The 25-metre-high Marsk Tower designed by BIG in Hjemsted, Denmark, was officially opened last week, after first visualisations were revealed by the practice earlier in the year.
Translated as Marsh Tower and named in honour of its surroundings, the Corten steel structure spirals upwards from the Wadden Sea National Park as an observational lookout point and tourist destination.
“The tower is inspired by a human DNA string,” explains the BIG team, which was led by Tobias Hjortdal with Bjarke Ingels and Jakob Lange as partners in charge.
“It has two different staircases – one for walking upstairs and one for walking downstairs. Both give visitors the ability to look out and experience nature from every angle.”
The Wadden Sea is internationally known as a resting place for millions of migratory birds. More than 10 million of them pass through the Wadden Sea twice a year.
The park itself provides habitat for more than 500 species of plants and animals.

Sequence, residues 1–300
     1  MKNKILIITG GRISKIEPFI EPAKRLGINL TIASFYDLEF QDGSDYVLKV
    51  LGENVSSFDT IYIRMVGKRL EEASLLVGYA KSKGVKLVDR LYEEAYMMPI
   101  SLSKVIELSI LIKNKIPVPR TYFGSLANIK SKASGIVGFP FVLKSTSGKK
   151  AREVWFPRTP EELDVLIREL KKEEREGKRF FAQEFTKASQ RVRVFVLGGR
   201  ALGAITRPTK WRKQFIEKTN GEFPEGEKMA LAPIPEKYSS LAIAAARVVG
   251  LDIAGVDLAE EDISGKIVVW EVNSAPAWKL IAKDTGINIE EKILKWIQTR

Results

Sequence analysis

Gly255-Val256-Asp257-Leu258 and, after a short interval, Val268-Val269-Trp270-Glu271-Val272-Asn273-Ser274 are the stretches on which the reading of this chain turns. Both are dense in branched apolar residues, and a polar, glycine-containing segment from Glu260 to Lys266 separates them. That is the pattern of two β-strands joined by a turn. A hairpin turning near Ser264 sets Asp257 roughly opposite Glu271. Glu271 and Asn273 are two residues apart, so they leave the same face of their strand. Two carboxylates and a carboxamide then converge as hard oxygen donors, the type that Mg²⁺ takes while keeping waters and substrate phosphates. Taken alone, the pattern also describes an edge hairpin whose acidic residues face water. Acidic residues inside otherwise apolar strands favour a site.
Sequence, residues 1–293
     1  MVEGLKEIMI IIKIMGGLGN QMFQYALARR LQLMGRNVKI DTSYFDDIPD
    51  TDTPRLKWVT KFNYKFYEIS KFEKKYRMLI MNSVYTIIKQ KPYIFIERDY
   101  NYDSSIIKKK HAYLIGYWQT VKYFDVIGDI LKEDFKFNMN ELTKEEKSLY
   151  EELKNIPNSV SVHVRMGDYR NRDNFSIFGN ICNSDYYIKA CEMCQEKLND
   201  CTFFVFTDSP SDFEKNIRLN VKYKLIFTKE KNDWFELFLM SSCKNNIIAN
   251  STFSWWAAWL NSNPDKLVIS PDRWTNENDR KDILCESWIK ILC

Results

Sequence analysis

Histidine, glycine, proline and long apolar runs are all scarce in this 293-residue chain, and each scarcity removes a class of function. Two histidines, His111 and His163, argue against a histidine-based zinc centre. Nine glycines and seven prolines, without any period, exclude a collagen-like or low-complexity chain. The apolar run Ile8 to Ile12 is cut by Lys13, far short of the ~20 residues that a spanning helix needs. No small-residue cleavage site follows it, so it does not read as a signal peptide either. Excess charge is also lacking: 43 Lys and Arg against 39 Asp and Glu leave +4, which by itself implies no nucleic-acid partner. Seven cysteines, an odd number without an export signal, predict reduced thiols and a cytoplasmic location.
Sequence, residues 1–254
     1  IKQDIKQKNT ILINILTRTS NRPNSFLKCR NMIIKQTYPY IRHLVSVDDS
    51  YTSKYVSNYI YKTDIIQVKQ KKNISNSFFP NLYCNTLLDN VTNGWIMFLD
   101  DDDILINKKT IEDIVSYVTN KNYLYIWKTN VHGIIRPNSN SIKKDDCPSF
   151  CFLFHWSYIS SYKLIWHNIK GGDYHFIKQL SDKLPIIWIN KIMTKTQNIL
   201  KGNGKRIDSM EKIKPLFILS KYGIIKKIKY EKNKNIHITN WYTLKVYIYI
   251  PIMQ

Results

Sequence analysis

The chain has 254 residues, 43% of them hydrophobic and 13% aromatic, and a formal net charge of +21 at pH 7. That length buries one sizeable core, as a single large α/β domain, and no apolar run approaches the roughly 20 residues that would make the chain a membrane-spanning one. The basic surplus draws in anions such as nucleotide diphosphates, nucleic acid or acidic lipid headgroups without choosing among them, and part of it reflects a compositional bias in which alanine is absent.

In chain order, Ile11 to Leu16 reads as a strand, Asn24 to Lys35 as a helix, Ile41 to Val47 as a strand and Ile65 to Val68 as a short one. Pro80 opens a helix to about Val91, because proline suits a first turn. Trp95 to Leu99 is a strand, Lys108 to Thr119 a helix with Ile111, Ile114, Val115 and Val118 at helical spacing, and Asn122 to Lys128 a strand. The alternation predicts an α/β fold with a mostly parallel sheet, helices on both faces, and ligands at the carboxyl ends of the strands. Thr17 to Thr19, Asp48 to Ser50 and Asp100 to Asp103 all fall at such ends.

BIG describes the new tower as “exuding a natural aesthetic” that blends with the surrounding environment, while simultaneously becoming a new destination for visitors.
“Because of the earth curvature, visitors will gradually expand their view of the horizon while walking to the top of the tower,” explains Hjortdal.
From its foot, visitors can see four kilometres into the distance, but this expands to an 18-kilometre view into the horizon once they reach the top.
“The 146 stairs widen at the top of the tower, creating a 110 metre-squared lookout spot with views stretching to city of Esbjerg, the islands Rømø and Sylt, and beyond the Wadden Sea to the North Sea,” adds Hjortdal.
An elevator at the centre of the tower renders it wheelchair accessible.
BIG, founded by Ingels, is one of the world’s best-known architecture studios and has designed numerous sculptural buildings.
Last year, the practice teamed up with Toyota to design an AI-filled city in Japan.
Photography: Rasmus Hjortshøj.